Saturday, November 03, 2007

start by accepting the truth

As is often the case, the barmaid nails it:
"How would you define theology?"
"You start by accepting the truth of several propositions: there is a loving Creator God, for example, who has communicated with us via perfect and immutable holy scripture. Then you try to figure out ways to defend those propositions from accusations of implausibility, and iron out any inherent contradictions."
That's it. That's precisely it.

That's why all the people who hector Dawkins, and to a lesser degree Hitchens and Dennet and Stenger and Harris, for not addressing arcane theological points don't get it. Those points have nothing to do with the inherent truth of the propositions. They are post hoc attempts to justify an already assumed truth. They examine nothing, they prove nothing, they only shore up (so to speak) a building with no foundations.

Theology doesn't start by asking "Is there God?" It starts by saying "There is God." It's begging the question in both senses of the phrase - it assumes the truth of the underlying proposition, and it cries out for a response of "Yes, but what if there isn't?" (Or, "how do you know, huh?")

Not that it will - or can - answer, beyond "There just is, take my word for it. I just know."

And that's why it's pretty words and pictures - or sound and fury - but always, always, signifying nothing.

Those who want to examine that central proposition don't need to read their Aquinas (or whoever). Aquinas (and the rest) aren't looking at that proposition at all; they're building on it.

If it's not true to begin with, it doesn't matter what airy structures you build on the assumption that it is: they aren't true either. Logic and systems of thought are marvelous that way. If you accept the axiom, you can go anywhere. ("If Batman could fly -" "But he can't." "Yeah, but if he could..." "Well, sure; if he could...")

But accepting the axiom isn't proving it. It's just starting by accepting an unproven statement.

There's an old saying: Begin as you mean to go on.

Some people begin with blind acceptance. Others - don't.

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5 Comments:

At 11:00 PM, November 03, 2007 Blogger John Evo-Mid had this to say...

Very good, clearly thought out post. It always amuses me when I hear that particular criticism of Dawkins. Like he must have deeply absorded the intracacies of "your" religion in order to criticize religion as being empty.

 
At 4:59 PM, November 11, 2007 Anonymous Deep Thought had this to say...

Unfortunately, all this post does is point out ignorance of how theology really works. St. Thomas Aquinas and other systematic theologians, for example, are well-known because their work is based upon the premise "does an objective morality exist?" (as one example) and then proceeds to use logic to determine the answer WITHOUT appeals to authority. Your statement is akin to claiming that evolutionary biology is tautological because it assumes evolution to be true!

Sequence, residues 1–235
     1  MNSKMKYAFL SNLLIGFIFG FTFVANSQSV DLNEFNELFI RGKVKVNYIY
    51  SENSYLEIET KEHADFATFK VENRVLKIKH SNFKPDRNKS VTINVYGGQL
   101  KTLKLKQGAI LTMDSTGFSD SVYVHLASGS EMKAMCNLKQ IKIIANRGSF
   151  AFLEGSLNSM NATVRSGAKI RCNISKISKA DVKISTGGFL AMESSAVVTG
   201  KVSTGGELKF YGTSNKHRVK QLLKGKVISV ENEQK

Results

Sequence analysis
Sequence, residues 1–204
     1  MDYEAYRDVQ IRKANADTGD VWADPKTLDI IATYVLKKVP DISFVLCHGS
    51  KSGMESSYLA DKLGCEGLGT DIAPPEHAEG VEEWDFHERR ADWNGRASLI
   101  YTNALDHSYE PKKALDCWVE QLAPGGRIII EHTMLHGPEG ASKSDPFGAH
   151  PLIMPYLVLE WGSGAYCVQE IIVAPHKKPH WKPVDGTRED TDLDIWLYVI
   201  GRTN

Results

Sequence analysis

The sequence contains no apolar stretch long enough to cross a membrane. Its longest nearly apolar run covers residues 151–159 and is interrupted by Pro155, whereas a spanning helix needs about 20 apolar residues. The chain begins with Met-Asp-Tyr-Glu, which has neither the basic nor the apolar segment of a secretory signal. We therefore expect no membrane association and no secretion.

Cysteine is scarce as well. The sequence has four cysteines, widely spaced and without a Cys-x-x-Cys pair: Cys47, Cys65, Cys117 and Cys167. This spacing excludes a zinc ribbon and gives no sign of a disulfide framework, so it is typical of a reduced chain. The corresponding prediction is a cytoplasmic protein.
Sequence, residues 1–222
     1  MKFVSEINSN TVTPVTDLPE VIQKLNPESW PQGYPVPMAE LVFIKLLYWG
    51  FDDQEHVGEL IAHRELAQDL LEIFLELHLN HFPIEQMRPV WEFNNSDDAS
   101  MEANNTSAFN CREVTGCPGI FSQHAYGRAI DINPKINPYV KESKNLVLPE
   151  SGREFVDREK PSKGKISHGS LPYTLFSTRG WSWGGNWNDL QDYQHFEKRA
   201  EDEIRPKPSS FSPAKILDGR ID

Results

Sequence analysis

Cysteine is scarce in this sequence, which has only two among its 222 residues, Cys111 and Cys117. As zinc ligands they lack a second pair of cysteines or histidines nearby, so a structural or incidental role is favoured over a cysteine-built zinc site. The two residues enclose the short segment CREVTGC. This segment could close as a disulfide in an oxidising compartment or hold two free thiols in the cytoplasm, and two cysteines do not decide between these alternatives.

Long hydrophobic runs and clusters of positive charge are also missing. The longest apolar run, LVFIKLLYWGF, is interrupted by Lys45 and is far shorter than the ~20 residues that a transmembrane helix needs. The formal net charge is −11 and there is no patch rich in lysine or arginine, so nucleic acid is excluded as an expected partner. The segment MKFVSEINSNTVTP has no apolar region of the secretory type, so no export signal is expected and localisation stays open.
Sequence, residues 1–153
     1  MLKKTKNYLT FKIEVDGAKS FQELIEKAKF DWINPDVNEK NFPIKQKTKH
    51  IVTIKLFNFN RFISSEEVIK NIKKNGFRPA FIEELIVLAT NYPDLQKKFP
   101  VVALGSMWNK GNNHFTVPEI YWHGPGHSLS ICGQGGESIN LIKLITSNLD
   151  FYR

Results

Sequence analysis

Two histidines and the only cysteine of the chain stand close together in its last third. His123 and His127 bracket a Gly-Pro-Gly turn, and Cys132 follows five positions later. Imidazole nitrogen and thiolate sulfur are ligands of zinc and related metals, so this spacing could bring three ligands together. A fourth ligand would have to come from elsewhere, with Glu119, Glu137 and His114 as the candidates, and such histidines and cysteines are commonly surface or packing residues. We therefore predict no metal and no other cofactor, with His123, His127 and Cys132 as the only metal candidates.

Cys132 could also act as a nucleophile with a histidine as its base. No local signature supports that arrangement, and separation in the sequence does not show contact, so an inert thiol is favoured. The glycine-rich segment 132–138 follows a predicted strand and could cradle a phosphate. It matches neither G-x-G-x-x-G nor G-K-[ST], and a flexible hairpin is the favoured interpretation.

You are refuting a strawman, not actual theology. I suggest you pick up Aquinas' "Shorter Summa" and start reading. If nothing else, you'll find out if you need to re-read Aristotle and Socrates.

 
At 6:29 PM, November 11, 2007 Blogger The Ridger, FCD had this to say...

I have read Aquinas. Like you, he begins with the assumption that God exists. The Quinquae viae are ways to justify belief, not prove it.

But then, your blog asserts "I have all the answers, even if I don't understand the questions." That's exactly the attitude I'm talking about: beginning from the answer and reasoning (so to speak) to support it.

 
At 3:31 AM, November 12, 2007 Anonymous Deep Thought had this to say...

Poor ridger: even if you don't recognize the name and the tagline from the Hitchhikers Guide books, my "why Deep Thought?" page explains why its a joke.

And I find it interesting that you claim to have read the quinquae viae and yet not remember that the section containing it begins "It is stated that God does not exist...". Objecting that Aquinas believed in the existence of God before developing logical proofs is, again, akin to claiming that certain aspects of biology are irrational because the scientist believed evolution to be true first. That isn't how logic works.

Since Aquinas was attempting to respond to people who do not believe in God, his logical proofs are just that - the use of classical logic, not tautologies or handwaving, despite your rhetoric. That is why Aquinas is still studied as a philosopher today and held up as an exemplar by many secular philosophers - his avoidance of the very tactics you wish to claim he (and others) used and, instead, his use of classical logic. Heck, *Ayn Rand* called him the second or third greatest philosopher of all time! She was hardly one to spread praise for the sorts of shenanigans you impute to him.

 
At 4:31 PM, November 12, 2007 Blogger Adam H had this to say...

to be honest, this definition of theology sounds much more like a definition of apologetics.

 

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